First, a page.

Jeet Kune Do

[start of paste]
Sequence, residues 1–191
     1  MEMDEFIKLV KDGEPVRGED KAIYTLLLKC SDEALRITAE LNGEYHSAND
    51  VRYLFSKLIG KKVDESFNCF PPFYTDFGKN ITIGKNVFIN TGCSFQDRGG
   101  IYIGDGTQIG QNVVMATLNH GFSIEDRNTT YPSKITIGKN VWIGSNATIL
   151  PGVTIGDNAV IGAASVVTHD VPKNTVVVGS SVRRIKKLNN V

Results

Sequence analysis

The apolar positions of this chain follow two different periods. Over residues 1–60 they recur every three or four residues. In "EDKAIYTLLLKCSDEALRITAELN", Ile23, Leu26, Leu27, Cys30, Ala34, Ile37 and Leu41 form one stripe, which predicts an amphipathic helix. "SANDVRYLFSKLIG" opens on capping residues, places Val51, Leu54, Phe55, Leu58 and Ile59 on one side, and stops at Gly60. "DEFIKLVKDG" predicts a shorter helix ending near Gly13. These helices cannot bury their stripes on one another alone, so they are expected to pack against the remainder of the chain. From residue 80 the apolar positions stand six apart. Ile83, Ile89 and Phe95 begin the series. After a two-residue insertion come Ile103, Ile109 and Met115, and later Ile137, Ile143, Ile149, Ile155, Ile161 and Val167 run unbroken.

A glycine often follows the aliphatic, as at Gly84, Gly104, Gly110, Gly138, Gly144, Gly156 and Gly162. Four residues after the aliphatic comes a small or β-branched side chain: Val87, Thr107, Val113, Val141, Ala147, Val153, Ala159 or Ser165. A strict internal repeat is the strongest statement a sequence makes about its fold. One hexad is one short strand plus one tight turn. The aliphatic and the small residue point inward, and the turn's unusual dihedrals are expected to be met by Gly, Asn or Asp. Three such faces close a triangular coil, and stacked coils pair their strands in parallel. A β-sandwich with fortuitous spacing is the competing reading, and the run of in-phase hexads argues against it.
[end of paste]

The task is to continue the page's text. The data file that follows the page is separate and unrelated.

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The movement that led to the creation of present-day mixed martial arts scenes emerged from a confluence of several earlier martial arts scenes: Brazilian Jiu-Jitsu and the vale tudo events in Brazil, rooftop fights in Hong Kong's street fighting culture, and the Japanese professional wrestling circuit. Vale tudo began in the 1920s and became renowned through its association with the "Gracie challenge", which was issued by Carlos Gracie and HÃ©lio Gracie and upheld later by descendants of the Gracie family. The "Gracie Challenges" were held in the garages and gyms of the Gracie family members. When the popularity grew, these types of mixed bouts were a staple attraction at the carnivals in Brazil. In the mid-20th century, mixed martial arts contests emerged in Hong Kong's street fighting culture in the form of rooftop fights. During the early 20th century, there was an influx of migrants from Mainland China, including Chinese martial arts teachers who opened up martial arts schools in Hong Kong. In the mid-20th century, soaring crime in Hong Kong, combined with limited Hong Kong Police manpower, led to many young Hongkongers learning martial arts for self-defence. Around the 1960s, there were about 400 martial arts schools in Hong Kong, teaching their own distinctive styles of martial arts. In Hong Kong's street fighting culture, there emerged a rooftop fight scene in the 1950s and 1960s, where gangs from rival martial arts schools challenged each other to bare-knuckle fights on Hong Kong's rooftops, in order to avoid crackdowns by colonial British Hong Kong authorities. The most famous fighter to emerge from Hong Kong's rooftop fight scene was Bruce Lee, who combined different techniques from different martial arts schools into his own hybrid martial arts system called Jeet Kune Do. Lee went on to popularize the concept of mixed martial arts internationally.
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